Schools that foster a safe, positive, healthy & inclusive whole-school learning environment that:enables students to develop positive relationships with adults and peers, regulate their emotions and behavior, achieve academic and non-academic success in school and maintain physical and psychological health and well-being; and integrates services and aligns initiatives that promote students’ behavioral health, including social and emotional learning, bullying prevention, trauma sensitivity, dropout prevention, truancy reduction, children’s mental health, foster care and homeless youth education, inclusion of students with disabilities, positive behavioral approaches that reduce suspensions and expulsions and other similar initiatives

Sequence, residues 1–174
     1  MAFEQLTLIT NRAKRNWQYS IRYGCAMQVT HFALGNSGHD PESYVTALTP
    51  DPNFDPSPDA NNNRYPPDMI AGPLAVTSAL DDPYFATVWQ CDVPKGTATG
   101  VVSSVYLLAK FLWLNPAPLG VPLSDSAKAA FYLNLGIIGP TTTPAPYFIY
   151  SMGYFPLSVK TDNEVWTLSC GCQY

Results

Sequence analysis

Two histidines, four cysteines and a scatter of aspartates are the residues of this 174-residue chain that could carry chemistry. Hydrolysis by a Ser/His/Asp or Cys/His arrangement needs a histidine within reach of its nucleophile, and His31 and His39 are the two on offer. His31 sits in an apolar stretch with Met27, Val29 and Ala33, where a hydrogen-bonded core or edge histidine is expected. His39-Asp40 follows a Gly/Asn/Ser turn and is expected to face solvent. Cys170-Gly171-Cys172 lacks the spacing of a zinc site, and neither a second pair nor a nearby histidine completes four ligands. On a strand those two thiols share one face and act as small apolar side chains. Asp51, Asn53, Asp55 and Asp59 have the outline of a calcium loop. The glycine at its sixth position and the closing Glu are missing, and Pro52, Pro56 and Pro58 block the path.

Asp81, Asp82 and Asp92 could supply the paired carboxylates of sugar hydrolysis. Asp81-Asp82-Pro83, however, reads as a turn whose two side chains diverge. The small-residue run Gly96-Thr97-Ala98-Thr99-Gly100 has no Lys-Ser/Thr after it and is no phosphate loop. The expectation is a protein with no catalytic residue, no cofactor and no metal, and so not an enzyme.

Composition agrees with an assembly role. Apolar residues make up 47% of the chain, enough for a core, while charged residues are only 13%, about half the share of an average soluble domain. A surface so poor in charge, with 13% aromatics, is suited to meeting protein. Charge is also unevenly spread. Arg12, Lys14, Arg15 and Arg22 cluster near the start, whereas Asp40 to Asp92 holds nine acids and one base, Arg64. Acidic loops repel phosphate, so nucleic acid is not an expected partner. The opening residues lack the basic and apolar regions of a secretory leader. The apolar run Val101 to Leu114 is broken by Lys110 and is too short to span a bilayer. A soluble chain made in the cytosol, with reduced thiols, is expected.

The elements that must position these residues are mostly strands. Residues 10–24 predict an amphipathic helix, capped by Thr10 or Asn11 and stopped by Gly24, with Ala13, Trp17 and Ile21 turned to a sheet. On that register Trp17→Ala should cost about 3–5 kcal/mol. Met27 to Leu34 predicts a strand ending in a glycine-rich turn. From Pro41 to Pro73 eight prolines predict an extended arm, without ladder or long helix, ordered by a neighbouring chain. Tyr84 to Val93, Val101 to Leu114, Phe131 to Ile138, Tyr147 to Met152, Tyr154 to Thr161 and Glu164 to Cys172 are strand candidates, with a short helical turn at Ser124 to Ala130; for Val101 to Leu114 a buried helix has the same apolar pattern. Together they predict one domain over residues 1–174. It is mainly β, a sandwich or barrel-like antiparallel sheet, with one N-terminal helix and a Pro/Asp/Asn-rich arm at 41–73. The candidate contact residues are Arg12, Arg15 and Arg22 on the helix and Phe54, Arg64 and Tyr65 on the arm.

Visions, Inc. 2.5 hour training on Implicit Bias (Part I of II), 2019:
VISIONS, Inc.’s training sessions and consultations seek to:• Deepen awareness regarding bias around race/ethnicity and other categories of historical exclusion at each of four levels (personal, interpersonal, institutional, and cultural).• Invite participants to deepen their experience of their own cultural identity as well as their own feelings and behaviors in cross-cultural interactions—within a safe, non-blaming learning environment that encourages people to take responsibility for their own attitudes and behaviors.• Help participants develop skills for addressing the attitudes and conditions (often unconscious and unintentional) that perpetuate disparities in inclusion, power, and access.• Provide initial tools and skill building to equip participants for DEI leadership within their organization.

Cultural Responsiveness and Equity Speciality Track- staff participated in webinars to provide a platform to discuss issues that are important to consider in the conversation on racism, inequity, and social justice.
In process now after getting a grant. Extends ideas of Vision Inc. Got put on hold when COVID hit. Now picking up pieces.

Cultural Proficiency workshop- 16 hour training, over 30 staff and administrators